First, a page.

About this object

Lid of ash chest of C. Iulius Hirmaiscus. Although it is associated with this 59.148.312 it was not represented in the illustrations either in the Monumenta Matthaeiana or Blundell's Engravings. The lid was mentioned in Blundell's Account as under no 381 the ash chest of the Flavius Eutyches. The lid has the shape of a roof with acroteria at all four corners and a pediment at the front and the back. The upper sediment is filled with the doe suckling Telephus. The doe stands facing to the right but turns her head to lick the knee of the child below her. The child has his back to the viewer and his right hand is raised to her flank with his left hand he props himself up.
Telephus was the son of Hercules and Auge, the daughter of the King of Tegea. Telesphus was left on a mountain to die because an oracle had predicted that he would kill his uncles. A doe looked after him and Telesphus survived. The scene is similar to the one of Remus and Romulus and the goat Amaltheia suckling Zeus. The exact meaning of the scene in a funerary context is uncertain but mother's nurturing love may have been an appropriate theme for the ash chest of T. Flavius Eutyches, dedicated by his mother to her young son. However it is uncertain that the lid is for that chest.

A bucranium (ox's head) is on each of the acroteria half on the front half on the side. Ribbons (taeiniae) decorate the skulls and fill the space with their curves. The outlne of the pediment is with simple mouldings, only the one below the front is a complex moulding running to the width of the lower edge of the lid. The back of the lid was roughly worked and all the undecorated surfaces were smoothened. The underside was not shaped in any way to fit the ash chest but there were two clamp holes now filled with plaster on the right side.
The representation of the doe and the child are in high relief with good anatomical details. The eye of the doe has some detail, the eye and ear of the child were made with a drill and some attempt was made to distinguish his fingers.
The boucrania are similar but the right one looks more ancient than the left. They are rounded with a bulbous top and eye sockets that have a drill hole in the centre and details drilled channels for the nostrils.

Object specifics

  • Type
    Religion
  • Culture
    Roman Imperial
  • Artist/Maker
  • Place made
    Europe: Southern Europe: Italy: Rome
  • Date made
    1st Century AD late - Neronian
  • Materials
    Marble
  • Location
    Item not currently on display
  • Acquisition
    Gift of Col. Joseph W Weld, 1959
  • Collector
    Henry Blundell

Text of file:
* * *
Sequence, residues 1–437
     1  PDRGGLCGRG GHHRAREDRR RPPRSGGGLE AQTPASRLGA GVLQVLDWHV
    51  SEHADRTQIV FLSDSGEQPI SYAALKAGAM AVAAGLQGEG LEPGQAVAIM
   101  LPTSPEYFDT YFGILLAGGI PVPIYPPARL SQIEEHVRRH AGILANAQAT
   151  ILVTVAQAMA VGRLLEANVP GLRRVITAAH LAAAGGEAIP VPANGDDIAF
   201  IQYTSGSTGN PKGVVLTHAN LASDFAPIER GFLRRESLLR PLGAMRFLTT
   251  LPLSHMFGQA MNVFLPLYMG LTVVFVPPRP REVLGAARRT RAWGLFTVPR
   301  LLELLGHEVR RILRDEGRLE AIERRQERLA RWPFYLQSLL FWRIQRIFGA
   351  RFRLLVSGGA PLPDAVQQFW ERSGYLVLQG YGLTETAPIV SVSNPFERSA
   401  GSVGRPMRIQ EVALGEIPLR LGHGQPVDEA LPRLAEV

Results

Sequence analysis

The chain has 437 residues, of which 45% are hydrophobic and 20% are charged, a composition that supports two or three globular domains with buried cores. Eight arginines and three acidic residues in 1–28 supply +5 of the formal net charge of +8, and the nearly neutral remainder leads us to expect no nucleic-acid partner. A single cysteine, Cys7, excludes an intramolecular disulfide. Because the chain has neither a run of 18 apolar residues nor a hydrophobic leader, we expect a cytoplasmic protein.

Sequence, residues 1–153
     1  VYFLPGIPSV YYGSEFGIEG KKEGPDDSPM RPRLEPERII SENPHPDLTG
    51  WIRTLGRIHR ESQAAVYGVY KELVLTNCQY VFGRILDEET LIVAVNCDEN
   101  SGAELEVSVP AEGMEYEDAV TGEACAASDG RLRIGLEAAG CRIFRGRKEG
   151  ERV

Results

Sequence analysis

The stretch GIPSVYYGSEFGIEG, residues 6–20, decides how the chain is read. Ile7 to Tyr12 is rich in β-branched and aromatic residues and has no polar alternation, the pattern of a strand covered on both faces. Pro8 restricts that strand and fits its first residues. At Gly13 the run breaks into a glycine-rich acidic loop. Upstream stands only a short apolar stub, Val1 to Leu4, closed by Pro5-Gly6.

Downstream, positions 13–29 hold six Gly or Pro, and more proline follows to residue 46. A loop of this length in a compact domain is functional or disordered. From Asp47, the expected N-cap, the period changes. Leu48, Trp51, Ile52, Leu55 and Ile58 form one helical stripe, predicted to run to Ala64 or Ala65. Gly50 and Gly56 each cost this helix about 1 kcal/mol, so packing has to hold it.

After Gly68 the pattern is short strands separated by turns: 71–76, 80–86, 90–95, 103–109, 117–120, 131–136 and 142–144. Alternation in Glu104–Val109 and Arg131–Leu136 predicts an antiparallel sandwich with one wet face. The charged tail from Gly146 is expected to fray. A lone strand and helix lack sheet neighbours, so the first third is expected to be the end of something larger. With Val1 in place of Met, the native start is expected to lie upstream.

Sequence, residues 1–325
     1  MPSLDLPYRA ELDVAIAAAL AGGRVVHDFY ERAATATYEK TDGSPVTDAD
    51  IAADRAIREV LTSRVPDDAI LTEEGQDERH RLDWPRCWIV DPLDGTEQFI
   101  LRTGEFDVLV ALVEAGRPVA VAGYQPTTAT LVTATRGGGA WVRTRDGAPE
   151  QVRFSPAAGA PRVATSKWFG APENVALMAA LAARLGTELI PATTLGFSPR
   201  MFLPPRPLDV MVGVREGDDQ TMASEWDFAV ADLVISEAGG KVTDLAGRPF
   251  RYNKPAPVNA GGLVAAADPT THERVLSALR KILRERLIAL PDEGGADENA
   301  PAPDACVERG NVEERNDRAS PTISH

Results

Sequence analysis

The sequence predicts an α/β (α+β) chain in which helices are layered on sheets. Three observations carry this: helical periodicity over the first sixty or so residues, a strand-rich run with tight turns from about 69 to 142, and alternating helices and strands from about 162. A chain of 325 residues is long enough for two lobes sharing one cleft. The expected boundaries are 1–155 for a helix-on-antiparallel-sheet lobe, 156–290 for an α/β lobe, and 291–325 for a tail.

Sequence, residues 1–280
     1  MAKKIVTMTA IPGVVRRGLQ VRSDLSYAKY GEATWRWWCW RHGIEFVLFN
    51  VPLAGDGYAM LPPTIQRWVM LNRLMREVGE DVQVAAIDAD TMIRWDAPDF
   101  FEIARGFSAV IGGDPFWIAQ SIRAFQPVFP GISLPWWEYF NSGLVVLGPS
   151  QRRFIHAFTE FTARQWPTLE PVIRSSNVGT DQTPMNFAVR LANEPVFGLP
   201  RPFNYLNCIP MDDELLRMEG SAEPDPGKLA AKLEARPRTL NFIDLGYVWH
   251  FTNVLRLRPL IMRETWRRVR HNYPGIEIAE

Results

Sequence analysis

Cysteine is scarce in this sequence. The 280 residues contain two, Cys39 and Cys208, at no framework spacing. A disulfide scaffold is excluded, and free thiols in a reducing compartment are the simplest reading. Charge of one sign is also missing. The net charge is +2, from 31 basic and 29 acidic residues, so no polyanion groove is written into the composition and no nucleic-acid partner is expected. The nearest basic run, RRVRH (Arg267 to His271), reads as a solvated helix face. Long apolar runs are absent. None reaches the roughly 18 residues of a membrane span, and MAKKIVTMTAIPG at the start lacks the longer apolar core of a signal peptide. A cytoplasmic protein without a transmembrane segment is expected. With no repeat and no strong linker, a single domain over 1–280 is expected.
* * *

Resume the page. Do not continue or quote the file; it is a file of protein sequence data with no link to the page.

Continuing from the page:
• Place collected
    Europe: Southern Europe: Italy: Rome
  • Date collected
  • Measurements
    155 mm x 320 mm x 300 mm
  • Note
    Davies commented that the use of bucrania in acroteria was unusual but she considered the lid to be ancient despite the unknown provenance of the lid and its extensive restorations considered it to be ancient with a good quality decoration. Similar to the lid displayed at top of the ash chest of Manlia Parata in the Galleria Doria and could be from the same workshop. The whole of the left side has been restored and joined to the central part, some smaller pieces were patched to the right, and the apex of the pediment to the front and at the lower corners of the front. The top ridge was also flattened. The edges and corners are chipped and a crack or flaw runs across the doe's cheeks. There is hole at the back behind the acroterion on the left but the purpose of it is unknown.
  • Related people
    Henry Blundell ( Collector, previous owner); Joseph William Weld ( Previous owner)

Explore related

Publications

  • Ancient Marbles in Great Britain

    Michaelis, A

    Author: Michaelis, A
    Publisher: Cambridge University Press
    Date: 1882
    Description:

  • The Ince Blundell Collection of Classical Sculpture. Volume 2 - The Ash Chests and other Funerary Reliefs

    Davies, Glenys

    Author: Davies, Glenys
    Publisher: Verlag Philipp von Zabern
    Date: 2007
    Description:

Ownership

Previous owners

  • Joseph William Col Sir Weld

    Owned from: 1958
    How acquired: Unknown or unrecorded
    Owned until: 1959
    Disposal method: Unknown or unrecorded
  • Henry Blundell

    Owned from: Unknown or unrecorded
    How acquired: Unknown or unrecorded
    Owned until: 1810
    Disposal method: Unknown or unrecorded
Object view = Humanities
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